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Special Interest Surge

Lorena Gonzalez and AB 5 do not support ‘labor’ or ‘the workers’

By Lloyd Billingsley, January 30, 2020 4:11 pm

Woman at Repeal AB5 rally with her sign. (Photo: Katy Grimes for California Globe)

California taxpayers do not vote for union bosses, who represent only their members, a small minority of California’s workers.

 

San Diego Democrat Lorena Gonzalez is the official figurehead for Assembly Bill 5, in large part a creation of the AFL-CIO. The description of Gonzalez as a former “labor organizer” is also misleading.

According to the federal Bureau of Labor Statistics, 85.3 percent of California’s wage and salaried workers, the vast majority, are not union members. By the latest figures, union members comprise only 14.7 percent of the workforce in California.

Nationally, according to the BLS, unions account for only 10.5 percent of wage and salaried worker, a small minority. On the other hand, a full 89.5 percent of American workers, the vast majority, are not union members.

By those numbers, unions do not represent “labor” or “the workers” in any meaningful sense, but the establishment media routinely equate labor with unions. The same pattern emerged last October in Gabrielle Canon’s profile of Lorena Gonzalez in USA Today.

Her bills often start conversations in other states and set the bar for progressive policies around the country,” Canon wrote, “especially when it comes to workers’ rights.” Gonzalez had championed a $15 minimum wage and “authored new protections for an array of workers, including nail salon employees and NFL cheerleaders.”

In Canon’s account, Gonzalez was introduced to the “labor movement” through San Diego “labor leader”  Jerry Butkiewicz. He built up the local AFL-CIO chapter, “and Gonzalez would later follow in his footsteps.”

Butkiewicz stepped down in 2007, and as Evan McLaughlin reported in Voice of San Diego, the AFL-CIO boss “is recommending Lorena Gonzalez, who has served as the labor council’s political director for the past year, as his successor.” Gonzalez had been a city council candidate in San Diego and a former aide to Lt. Gov. Cruz Bustamante.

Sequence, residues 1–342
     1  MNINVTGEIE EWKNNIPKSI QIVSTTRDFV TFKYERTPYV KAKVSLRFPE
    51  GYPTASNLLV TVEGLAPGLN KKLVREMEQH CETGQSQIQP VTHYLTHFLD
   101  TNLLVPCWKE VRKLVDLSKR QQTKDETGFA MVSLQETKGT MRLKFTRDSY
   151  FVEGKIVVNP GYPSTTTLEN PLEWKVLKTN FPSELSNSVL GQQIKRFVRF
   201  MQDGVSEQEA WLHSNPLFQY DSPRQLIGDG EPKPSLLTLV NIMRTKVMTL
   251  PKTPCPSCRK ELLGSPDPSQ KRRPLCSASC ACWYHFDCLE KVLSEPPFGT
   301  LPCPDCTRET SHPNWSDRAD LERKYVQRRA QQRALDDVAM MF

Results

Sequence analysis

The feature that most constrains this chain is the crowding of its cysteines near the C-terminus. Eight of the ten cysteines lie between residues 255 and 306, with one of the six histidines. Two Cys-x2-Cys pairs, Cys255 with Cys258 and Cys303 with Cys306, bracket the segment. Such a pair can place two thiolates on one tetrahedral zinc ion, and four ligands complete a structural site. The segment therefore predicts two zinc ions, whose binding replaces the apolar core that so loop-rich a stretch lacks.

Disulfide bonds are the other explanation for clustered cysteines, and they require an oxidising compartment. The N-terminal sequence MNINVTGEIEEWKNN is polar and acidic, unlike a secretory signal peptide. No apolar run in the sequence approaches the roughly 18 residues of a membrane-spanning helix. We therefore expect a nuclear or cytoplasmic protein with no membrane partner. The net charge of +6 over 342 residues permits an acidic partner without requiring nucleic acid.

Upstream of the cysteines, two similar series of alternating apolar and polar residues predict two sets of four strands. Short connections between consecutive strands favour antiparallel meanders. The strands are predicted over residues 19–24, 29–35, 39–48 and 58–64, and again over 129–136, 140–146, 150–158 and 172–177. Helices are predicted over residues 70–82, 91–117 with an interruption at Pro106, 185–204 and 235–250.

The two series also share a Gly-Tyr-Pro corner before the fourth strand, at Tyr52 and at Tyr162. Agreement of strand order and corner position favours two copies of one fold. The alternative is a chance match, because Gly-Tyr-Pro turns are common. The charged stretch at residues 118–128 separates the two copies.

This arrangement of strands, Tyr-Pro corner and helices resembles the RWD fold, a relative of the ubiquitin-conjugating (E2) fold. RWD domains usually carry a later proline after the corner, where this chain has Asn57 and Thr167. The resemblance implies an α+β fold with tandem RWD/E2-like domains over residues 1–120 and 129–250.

On Butkiewicz’s watch, McLaughlin noted, unions’ political influence left the city with pension debt of $1 billion. Teacher unions criticized the education reforms of superintendent Alan Bersin. Labor costs killed off a resort project, and some unions called for a boycott of the San Diego Union-Tribune.

Government pension debt has soared in Sacramento, where the California Teachers Association wields enormous influence. In similar style, the Service Employees International Union (SEIU) proclaims “This is our house!” outside the State Capitol.

That might come as a surprise to California taxpayers, who do not vote for union bosses. They represent only their members, a small minority of California’s workers. Assembly Bill 5 backs the state’s most powerful special interest group and opposes the vast majority of California’s independent workers and freelance writers in particular.

Freelance writers, and the independent publications and websites they serve, are the primary target of AB 5. That is why the measure limits freelance writers to 35 submissions a year, less than one a week. As the writers might have noticed, the measure does not limit independent electricians to 35 jobs per years, plumbers to 35 repairs a year, or limit gardeners to cleaning 35 yards per year.

On Tuesday, independent workers, writers prominent among them, gathered at the California state capitol to protest AB 5, as California Globe was there and reported. Public protest is a tradition in California, home of the Free Speech Movement, but the protest drew no coverage from the Sacramento Bee.

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3 thoughts on “Special Interest Surge

    1. Especially when they are such a small percentage (14.7%) of the total CA workforce, as was pointed out in the article.

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